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Atlanta BeltLine

The Atlanta BeltLine will connect 45 neighborhoods via a 22-mile loop of multi-use trails, modern streetcars, and parks where railroad corridors encircling Atlanta once existed. With added spur lines to connect underserved areas the total length will be almost 33 miles. The project has transformed the City of Atlanta, reimagining a sprawling city to one of interconnected walkable neighborhoods, hiking and cycling trails, habitat restoration, parks and open space, and public transit.

Pier 97 Hudson River Park (New York, NY)

Manhattan’s Hudson River Park corridor is approximately 4-miles-long from the northern border of Battery Park City to West 59th Street. The goal of !melk’s Pier 97 design is to have a fully utilized and activated “pier park” that is a popular and memorable community destination while fully integrating with the completed park sections of the Hudson Riverfront corridor. !melk’s design encourages user circulation through carefully considered routes, providing a variety of views within the landscape and delivering park users to specific activities, programs, and one-of-a-kind public space amenities.

LA River Masterplan (2020)

The 2020 LA River Masterplan reimagines its 51-mile length from Canoga Park in the City of Los Angeles to Long Beach where it meets the Pacific Ocean.  It encompasses over 2,300 acres of primarily privately owned land and connects to neighborhoods, commercial nodes, and areas of entertainment. Similar to the Verdugo Wash, the Los Angeles River was channelized in the 1930s to control stormwater and prevent flooding.  The plan provides a thoughtful, data based, and grand scale vision to transform the LA River into a living and activated corridor for the public, wildlife and nature. Its direct relationship and connection to the Verdugo Wash will serve as an inspiration.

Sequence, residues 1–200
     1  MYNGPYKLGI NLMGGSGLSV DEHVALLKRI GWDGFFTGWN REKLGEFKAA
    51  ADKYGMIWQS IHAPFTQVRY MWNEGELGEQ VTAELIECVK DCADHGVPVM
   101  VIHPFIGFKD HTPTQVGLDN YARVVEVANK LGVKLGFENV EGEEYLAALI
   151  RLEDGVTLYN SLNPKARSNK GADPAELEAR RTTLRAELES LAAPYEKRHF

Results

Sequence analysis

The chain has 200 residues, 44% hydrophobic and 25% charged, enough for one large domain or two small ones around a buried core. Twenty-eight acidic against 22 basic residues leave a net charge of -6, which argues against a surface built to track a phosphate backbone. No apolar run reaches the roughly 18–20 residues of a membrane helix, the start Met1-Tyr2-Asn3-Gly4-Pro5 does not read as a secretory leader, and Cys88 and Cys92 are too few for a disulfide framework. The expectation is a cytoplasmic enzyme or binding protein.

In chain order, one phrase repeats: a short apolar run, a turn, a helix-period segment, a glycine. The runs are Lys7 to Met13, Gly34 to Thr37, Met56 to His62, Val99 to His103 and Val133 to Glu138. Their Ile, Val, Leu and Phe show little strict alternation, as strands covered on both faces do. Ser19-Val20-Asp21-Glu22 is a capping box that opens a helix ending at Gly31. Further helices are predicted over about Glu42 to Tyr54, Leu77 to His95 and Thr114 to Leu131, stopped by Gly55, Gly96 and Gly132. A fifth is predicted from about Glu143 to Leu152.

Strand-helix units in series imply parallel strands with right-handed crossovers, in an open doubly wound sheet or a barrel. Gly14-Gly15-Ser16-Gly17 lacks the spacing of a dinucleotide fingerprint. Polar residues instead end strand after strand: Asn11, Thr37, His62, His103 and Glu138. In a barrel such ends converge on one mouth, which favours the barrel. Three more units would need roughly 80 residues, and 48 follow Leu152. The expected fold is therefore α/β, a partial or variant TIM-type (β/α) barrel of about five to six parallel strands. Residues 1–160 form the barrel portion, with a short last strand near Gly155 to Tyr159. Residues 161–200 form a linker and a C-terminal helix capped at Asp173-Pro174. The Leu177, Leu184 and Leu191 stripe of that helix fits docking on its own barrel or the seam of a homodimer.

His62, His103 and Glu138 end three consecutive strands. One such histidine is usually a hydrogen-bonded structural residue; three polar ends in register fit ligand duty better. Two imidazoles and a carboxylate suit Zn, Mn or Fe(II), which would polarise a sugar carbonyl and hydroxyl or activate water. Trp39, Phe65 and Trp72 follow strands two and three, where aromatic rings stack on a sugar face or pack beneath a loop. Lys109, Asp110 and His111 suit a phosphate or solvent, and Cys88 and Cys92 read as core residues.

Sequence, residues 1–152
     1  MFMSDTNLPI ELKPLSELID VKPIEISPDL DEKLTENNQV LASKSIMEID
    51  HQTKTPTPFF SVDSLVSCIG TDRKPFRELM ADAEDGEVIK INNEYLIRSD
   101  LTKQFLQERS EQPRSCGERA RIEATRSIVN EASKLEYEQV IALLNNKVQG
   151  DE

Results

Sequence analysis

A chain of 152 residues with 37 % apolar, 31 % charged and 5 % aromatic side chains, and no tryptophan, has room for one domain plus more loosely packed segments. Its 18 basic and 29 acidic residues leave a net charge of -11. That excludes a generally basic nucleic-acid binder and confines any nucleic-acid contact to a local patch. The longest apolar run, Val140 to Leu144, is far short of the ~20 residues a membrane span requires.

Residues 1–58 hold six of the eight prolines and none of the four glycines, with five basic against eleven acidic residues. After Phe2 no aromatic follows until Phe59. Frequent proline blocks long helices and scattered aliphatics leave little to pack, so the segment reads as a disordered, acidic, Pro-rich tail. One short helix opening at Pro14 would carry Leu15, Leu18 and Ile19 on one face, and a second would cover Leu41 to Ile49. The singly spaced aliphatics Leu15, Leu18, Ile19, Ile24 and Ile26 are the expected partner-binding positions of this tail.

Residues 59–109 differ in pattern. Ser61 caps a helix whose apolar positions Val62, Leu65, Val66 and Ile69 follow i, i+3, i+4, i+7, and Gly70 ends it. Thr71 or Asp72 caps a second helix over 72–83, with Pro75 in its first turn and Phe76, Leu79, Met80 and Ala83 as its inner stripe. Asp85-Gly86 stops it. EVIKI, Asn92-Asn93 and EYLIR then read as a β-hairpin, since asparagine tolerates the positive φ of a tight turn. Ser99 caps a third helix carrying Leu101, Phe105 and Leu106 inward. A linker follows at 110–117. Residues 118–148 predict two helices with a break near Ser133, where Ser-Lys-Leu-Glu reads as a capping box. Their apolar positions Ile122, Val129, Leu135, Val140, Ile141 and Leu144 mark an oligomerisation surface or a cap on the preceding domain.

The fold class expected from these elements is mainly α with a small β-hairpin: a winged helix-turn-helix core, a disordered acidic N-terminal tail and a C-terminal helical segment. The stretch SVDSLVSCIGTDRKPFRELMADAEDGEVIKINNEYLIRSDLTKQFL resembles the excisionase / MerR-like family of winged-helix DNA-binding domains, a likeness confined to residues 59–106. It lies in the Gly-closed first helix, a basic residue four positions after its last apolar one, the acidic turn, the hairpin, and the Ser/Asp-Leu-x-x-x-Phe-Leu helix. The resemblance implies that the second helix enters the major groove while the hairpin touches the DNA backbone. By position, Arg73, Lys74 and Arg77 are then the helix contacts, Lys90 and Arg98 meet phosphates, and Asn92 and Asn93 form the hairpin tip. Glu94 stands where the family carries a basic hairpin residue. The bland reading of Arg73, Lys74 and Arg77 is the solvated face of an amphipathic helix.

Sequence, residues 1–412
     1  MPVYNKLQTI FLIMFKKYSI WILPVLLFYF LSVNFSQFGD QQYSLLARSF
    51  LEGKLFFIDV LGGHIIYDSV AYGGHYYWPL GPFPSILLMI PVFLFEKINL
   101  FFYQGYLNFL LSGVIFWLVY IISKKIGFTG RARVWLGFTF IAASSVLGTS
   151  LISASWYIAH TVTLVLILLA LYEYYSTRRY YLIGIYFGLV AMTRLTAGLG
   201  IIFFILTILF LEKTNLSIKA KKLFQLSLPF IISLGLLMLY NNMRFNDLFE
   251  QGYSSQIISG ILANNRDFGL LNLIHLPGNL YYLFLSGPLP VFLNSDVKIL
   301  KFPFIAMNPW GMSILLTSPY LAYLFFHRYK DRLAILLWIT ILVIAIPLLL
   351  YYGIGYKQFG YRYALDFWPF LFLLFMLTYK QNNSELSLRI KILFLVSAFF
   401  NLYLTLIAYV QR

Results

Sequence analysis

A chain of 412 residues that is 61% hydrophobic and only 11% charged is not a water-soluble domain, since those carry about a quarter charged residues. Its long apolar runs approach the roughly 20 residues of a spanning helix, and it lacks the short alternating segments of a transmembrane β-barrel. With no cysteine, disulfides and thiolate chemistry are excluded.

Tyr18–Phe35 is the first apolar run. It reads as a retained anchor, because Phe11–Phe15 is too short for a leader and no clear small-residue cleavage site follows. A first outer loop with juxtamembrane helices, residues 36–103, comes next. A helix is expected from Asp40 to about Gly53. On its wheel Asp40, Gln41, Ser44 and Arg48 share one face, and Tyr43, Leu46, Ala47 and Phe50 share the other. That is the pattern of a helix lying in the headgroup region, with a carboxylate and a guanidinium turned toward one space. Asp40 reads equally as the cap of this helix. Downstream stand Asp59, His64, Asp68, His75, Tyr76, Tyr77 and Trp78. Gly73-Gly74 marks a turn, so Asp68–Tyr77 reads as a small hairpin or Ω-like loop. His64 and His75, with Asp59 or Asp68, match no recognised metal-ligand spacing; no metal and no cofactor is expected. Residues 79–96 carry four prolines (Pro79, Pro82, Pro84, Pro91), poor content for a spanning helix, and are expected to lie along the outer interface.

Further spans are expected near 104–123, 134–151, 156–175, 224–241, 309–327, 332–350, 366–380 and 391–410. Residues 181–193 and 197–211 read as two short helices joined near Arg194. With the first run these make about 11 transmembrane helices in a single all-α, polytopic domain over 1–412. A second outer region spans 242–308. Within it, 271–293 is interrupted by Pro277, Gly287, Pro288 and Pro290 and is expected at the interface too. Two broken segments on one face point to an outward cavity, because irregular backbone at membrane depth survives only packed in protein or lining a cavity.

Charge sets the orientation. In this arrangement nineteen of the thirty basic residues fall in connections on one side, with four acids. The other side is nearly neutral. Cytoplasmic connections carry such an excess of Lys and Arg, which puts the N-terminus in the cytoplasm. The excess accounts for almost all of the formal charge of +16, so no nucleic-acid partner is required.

Cherry Creek Trail

Cherry Creek Trail in Denver, is a multi-modal path that runs from downtown Denver’s Confluence Park to Cherry Creek Reservoir south of Denver. The concrete trail passes by multiple parks and attractions and has been a catalyst to creating new neighborhoods as well as providing amenities to Denver. The trail incorporates natural habitat, as well as improved corridors for cyclists and pedestrians and has become a primary amenity and attraction for the city.

High Line Park

Built in the 1930s and last used as a railroad in 1980, the High Line was a little known and long abandoned stretch of elevated track that spanned Manhattan’s meatpacking district. Inspired by the wild beauty of the derelict line, the area was reimagined into a route for leisure, life and growth. Two structures pushed this concept even further – the Flyover, an elevated steel walkway engineered to appear to float above the main path, and the Cutout, a steel mesh deck providing views through the original rail structure and to 30th Street below. Many of the original steel rails were restored for reuse in the new designs, reducing the cost and environmental impact of the project.